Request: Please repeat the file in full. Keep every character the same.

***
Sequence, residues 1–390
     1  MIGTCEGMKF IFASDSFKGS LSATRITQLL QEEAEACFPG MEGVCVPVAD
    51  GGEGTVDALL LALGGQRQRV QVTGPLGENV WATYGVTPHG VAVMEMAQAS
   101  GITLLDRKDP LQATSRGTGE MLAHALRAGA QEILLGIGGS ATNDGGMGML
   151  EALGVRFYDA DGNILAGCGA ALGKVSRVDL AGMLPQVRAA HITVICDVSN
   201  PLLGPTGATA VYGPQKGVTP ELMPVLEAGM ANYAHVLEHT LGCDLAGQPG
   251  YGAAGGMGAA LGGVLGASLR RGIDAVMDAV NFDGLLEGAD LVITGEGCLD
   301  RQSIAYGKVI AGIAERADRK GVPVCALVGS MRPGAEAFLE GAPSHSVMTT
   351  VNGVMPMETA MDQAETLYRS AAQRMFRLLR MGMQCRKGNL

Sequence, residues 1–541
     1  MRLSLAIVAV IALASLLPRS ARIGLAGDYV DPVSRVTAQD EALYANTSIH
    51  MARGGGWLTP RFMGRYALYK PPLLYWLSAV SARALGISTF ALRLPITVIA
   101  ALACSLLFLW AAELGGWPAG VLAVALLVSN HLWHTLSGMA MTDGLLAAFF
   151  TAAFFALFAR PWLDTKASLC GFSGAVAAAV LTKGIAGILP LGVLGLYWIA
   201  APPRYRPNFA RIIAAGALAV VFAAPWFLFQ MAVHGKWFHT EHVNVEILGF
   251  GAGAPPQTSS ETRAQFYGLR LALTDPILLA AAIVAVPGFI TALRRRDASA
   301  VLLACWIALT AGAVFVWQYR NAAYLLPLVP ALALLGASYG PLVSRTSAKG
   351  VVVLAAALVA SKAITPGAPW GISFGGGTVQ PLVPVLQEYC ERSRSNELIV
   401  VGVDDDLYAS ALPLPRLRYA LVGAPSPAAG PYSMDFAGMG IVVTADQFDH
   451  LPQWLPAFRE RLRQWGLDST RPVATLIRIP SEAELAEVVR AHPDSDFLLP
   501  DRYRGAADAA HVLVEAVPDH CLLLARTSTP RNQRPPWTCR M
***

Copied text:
Sequence, residues 1–390
     1  MIGTCEGMKF IFASDSFKGS LSATRITQLL QEEAEACFPG MEGVCVPVAD
    51  GGEGTVDALL LALGGQRQRV QVTGPLGENV WATYGVTPHG VAVMEMAQAS
   101  GITLLDRKDP LQATSRGTGE MLAHALRAGA QEILLGIGGS ATNDGGMGML
   151  EALGVRFYDA DGNILAGCGA ALGKVSRVDL AGMLPQVRAA HITVICDVSN
   201  PLLGPTGATA VYGPQKGVTP ELMPVLEAGM ANYAHVLEHT LGCDLAGQPG
   251  YGAAGGMGAA LGGVLGASLR RGIDAVMDAV NFDGLLEGAD LVITGEGCLD
   301  RQSIAYGKVI AGIAERADRK GVPVCALVGS MRPGAEAFLE GAPSHSVMTT
   351  VNGVMPMETA MDQAETLYRS AAQRMFRLLR MGMQCRKGNL

Sequence, residues 1–541
     1  MRLSLAIVAV IALASLLPRS ARIGLAGDYV DPVSRVTAQD EALYANTSIH
    51  MARGGGWLTP RFMGRYALYK PPLLYWLSAV SARALGISTF ALRLPITVIA
   101  ALACSLLFLW AAELGGWPAG VLAVALLVSN HLWHTLSGMA MTDGLLAAFF
   151  TAAFFALFAR PWLDTKASLC GFSGAVAAAV LTKGIAGILP LGVLGLYWIA
   201  APPRYRPNFA RIIAAGALAV VFAAPWFLFQ MAVHGKWFHT EHVNVEILGF
   251  GAGAPPQTSS ETRAQFYGLR LALTDPILLA AAIVAVPGFI TALRRRDASA
   301  VLLACWIALT AGAVFVWQYR NAAYLLPLVP ALALLGASYG PLVSRTSAKG
   351  VVVLAAALVA SKAITPGAPW GISFGGGTVQ PLVPVLQEYC ERSRSNELIV
   401  VGVDDDLYAS ALPLPRLRYA LVGAPSPAAG PYSMDFAGMG IVVTADQFDH
   451  LPQWLPAFRE RLRQWGLDST RPVATLIRIP SEAELAEVVR AHPDSDFLLP
   501  DRYRGAADAA HVLVEAVPDH CLLLARTSTP RNQRPPWTCR M